The closer you get to the present, the harder it is to evaluate a draft. 2007 isn’t so far removed that we know how things are going to turn out but it is far enough back that we’ve got an idea of what some of these players have done in their pro careers. If 2005 brought upside and 2006 brought a lot of fringe depth, 2007 looks to me like it may have a lot of mid level league average type talent in it.
Biggest Hits: The First 5 Picks
Biggest Misses: Thomas Eager (5th Round), Oliver Marmol (6th Round)
Other Noteworthy Drafts: Tyler Henley, Adam Reifer
Most Frustrating Talents: Kyle Russell (4th Round)
When you have to dig down past the first 5 picks to find a miss, that’s a pretty good start to the draft. This draft started off with the now infamous Pete Kozma pick. Kozma has already made it to AA and while many, including myself, have called that promotion premature, he’s having a very good June hitting .278/.341/.486. Kozma still projects to stay at SS although there are some questions about his vaunted defense.
Clayton Mortensen might be one of the more underrated minor league arms in our system. He’s got some lingering command issues that cause a higher walk rate than desireable but he strikes out batters and, most importantly, generates a ton of groundballs. He’s 6th in the PCL in GB% behind a bunch of crafty older guys and 1 real prospect (the A’s Vin Marazzo). That’s a skillset that’s not going to show up in his FIP but does help explain how he consistently outperforms it. Remember too that he’s backed by a shady Memphis infield defense (Wallace at 3rd, Hoffpauir at 2B and whatever motley assortment of outfielders are manning 1st). Put Mortensen in front of a St. Louis infield and the results could be very good.
David Kopp was the Cardinals third overall selection. He’s been hampered by injuries (shoulder) but when on the field, has shown the same type of groundball, strikeout characteristics at Mortensen. Health will always be the question mark with Kopp (despite many internet proclomations about his great mechanics) and he could find himself in the Most Frustrating Talents group in a year or two.
The 4th pick for the Cardinals was reliever turned starter turned reliever turned destroyer of the world, Jess Todd. With 39 strikeouts in 30 innings and just 9 walks, Todd is showing us everything that Chris Perez could be. Todd’s pure velocity isn’t as good but his slider rates well and, more importantly, he knows where his pitches are going. Perhaps the most compelling reason to try and trade one of Perez or Motte is found here in the Cardinals 2007 draft class.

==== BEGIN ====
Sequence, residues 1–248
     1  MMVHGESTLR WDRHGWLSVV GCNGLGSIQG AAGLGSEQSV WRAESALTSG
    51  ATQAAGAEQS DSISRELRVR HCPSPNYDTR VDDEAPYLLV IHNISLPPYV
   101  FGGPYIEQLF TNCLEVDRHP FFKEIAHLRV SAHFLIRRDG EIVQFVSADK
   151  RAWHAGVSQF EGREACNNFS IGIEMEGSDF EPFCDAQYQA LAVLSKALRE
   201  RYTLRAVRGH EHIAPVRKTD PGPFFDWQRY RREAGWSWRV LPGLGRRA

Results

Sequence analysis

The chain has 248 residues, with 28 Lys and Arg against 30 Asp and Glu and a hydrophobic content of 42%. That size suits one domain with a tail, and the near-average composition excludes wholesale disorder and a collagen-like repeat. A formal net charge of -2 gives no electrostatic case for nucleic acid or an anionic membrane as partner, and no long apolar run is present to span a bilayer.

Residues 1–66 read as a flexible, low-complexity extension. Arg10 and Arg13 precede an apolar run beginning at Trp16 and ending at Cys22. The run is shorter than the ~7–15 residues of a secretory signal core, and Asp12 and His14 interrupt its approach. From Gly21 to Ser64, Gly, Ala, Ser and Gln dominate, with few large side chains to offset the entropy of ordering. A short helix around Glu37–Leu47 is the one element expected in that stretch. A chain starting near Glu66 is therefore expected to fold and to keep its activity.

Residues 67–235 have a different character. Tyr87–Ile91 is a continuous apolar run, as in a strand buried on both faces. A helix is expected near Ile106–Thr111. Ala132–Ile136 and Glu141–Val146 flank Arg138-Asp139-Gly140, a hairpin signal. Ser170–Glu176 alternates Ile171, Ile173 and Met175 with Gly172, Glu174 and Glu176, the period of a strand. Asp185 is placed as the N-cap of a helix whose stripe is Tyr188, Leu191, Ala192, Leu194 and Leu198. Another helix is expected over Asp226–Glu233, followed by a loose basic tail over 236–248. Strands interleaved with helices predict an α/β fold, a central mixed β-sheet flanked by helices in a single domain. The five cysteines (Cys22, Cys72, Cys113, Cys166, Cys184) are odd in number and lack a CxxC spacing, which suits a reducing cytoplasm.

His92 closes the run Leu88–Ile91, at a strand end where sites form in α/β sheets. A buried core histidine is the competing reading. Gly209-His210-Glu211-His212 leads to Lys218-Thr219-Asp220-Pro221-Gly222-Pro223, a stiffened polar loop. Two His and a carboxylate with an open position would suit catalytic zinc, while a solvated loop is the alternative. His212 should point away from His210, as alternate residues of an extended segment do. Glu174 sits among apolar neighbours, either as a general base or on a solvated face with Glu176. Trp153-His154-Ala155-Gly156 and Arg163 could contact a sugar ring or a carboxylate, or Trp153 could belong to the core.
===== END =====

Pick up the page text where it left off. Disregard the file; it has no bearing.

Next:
The 5th pick (3rd round) didn’t even make the FR Top 20 although he’s certainly opened eyes since then. With an OPS over .900 in Springfield, Daniel Descalso has put himself on the map as the first legitimate 2B prospect in years for the Cardinals. At 22 Descalso has flashed some real gap-to-gap power with 24 doubles and a great approach at the plate with nearly as many walks as strikeouts. Whether he can carry the power over to Memphis will be the biggest question moving forward.
Thomas Eager is the counterpart to the Gary Daley affair of 2006. Another pitcher out of Cal Poly, Eager has shown little command of his pitches pitching in Palm Beach. Oliver Marmol is a light hitting shortstop whose bat hasn’t developed. Neither player projects as more than a minor leaguer.
Scouts were divided on what kind of big league potential Kyle Russell would have. After setting HR records his junior year, the Cardinals drafted him in the 4th round only to watch negotiations become sluggish and far too public. FR wasn’t immune to the allure of Russell’s raw power as we clamored for the 4th rounder who would immediately jump toward the top of prospect lists. Russell never signed and was drafted in 2008 by the Dodgers. He’s raking right now with a .945 OPS . . . but it’s in the Midwest Leauge (Low A) and at age 23, the clock is already ticking. Despite the shiny OPS, Russell is stiking out in nearly 30% of his PAs in low A, which is a rather ominus sign.